"This man did nothing but lie, it was his raison d'être," muses Lysander about a suspect traitor. "Nobody really knows what's real, what's true," says the traitor, 50 pages later. "There are times when I find that I am not completely honest," Hettie tells Lysander, with spot-on accuracy. "Superficial. Facing both ways. Cowardly." There's much talk of façade and persona. A fuming Austrian artist even denounces Vienna's Ringstrasse as "New buildings masquerading as something ancient and venerable. Shameful." Dr Bensimon, the Viennese shrink, introduces Lysander to the concept of Parallelism: the adoption under hypnosis of an alternative past, in order to blot out nasty memories; a form of neuro-linguistic programming, 1913-style.
Through this fog of knowing and unknowing, untruth and suspicion, Boyd guides the reader with a master's hand. It's ages since I read a novel that offers such breathlessly readable narrative enjoyment, such page-by-page storytelling confidence and solidity. Boyd has a positive genius for pace and description. He whizzes the story along in short chapters and terse encounters, but lingers over evocations of people and buildings, so we feel we know their texture even while the plot gallops along.
This, for instance, is Hettie: "Her hair was pinned up under a wide, blood-red beret and she wore a dove-grey velvet jacket over a black skirt. On the jacket lapel was a large red and yellow shellac brooch of a crude-looking parrot. Artistic, Lysander thought, Laced ankle-boots, small feet." The next time we see her, she's in cerise pantaloons with tiny bells on her shoes. He takes exceptional care about details of clothing (rather more than he does about dialogue – I doubt if anyone would have been found saying "You up for it?", as Lysander's gay uncle does, in 1914.)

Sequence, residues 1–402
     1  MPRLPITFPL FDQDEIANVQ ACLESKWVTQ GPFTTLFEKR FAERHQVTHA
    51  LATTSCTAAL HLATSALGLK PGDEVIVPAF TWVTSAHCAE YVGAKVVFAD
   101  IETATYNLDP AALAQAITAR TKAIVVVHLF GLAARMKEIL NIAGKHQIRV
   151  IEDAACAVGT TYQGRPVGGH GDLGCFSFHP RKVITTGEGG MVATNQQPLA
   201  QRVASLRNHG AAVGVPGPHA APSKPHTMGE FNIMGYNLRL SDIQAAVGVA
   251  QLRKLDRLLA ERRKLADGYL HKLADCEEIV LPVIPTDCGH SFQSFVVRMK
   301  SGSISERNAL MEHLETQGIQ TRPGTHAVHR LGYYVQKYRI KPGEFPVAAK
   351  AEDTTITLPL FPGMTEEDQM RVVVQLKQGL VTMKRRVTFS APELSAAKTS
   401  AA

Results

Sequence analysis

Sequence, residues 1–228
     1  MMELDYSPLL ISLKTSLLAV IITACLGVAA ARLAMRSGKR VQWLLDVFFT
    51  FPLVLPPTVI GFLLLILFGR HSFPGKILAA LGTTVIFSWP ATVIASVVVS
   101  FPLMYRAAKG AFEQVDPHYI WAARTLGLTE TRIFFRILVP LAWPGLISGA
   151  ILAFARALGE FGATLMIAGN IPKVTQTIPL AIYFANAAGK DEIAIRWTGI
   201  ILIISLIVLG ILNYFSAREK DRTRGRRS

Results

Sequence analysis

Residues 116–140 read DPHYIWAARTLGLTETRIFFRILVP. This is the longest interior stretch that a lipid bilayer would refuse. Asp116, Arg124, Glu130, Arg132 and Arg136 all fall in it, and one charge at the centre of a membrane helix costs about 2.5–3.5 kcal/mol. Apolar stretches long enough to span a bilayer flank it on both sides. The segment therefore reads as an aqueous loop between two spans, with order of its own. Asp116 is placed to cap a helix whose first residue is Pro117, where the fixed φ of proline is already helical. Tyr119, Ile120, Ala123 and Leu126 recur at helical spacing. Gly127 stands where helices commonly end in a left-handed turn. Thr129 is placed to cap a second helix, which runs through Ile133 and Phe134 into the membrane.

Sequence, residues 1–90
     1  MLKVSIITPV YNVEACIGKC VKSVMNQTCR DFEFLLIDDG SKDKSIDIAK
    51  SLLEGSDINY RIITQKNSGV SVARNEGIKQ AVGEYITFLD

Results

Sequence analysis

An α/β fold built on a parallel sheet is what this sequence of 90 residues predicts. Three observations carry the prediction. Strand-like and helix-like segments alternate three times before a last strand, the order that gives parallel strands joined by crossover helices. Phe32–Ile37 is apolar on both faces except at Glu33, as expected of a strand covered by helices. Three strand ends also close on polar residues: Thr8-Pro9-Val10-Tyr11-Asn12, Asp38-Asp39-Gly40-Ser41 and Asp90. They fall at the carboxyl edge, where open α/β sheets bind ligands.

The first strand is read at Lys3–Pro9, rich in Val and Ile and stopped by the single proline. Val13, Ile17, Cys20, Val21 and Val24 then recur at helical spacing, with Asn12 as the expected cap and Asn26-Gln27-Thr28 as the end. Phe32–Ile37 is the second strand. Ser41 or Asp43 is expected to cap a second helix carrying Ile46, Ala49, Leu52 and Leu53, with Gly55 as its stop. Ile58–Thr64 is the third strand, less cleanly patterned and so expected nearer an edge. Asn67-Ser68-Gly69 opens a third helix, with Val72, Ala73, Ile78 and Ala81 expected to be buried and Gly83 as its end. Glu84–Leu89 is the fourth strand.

The book ends with the long-deferred unmasking, Tinker, Tailor-style, of the spy, although questions still nag the reader. What was Lysander's mother's true role in the plot? Why was Lysander sent to France to crawl around the trenches in order to establish him as Missing in Action, when they could have just invented his death? How does Lysander manage to torture a suspect in 1914 by the ingenious use of Brillo pads, when they weren't on sale anywhere until 1917?
It hardly matters. Boyd's novel is a homage to thriller writers, spy novels and crime detection stories and films from a hundred years ago, stretching from Sherlock Holmes, via Buchan and Greene, to Hitchcock, whose best films involve clueless men caught up in world events with spy rings, seductive women and trains. Boyd's book even has a McGuffin – the libretto of Andromeda and Perseus that harbours all the secrets. I even caught a whiff of Michael Arlen, the long-forgotten Armenian author of The Green Hat, whose 1920s fictions were full of characters "outwitting each other" and saying, as with Lysander, "He had just one more trick left to play..."
Waiting for Sunrise may offer occasional high profundities ("Time was on the move in this modern world, fast as a thoroughbred racehorse, galloping onwards... and everything was changing as a result, not just in the world around him but in human consciousness also"), but it's as a simple literary conjuring of atmosphere and character that it should – and will – be most enjoyed.Reuse content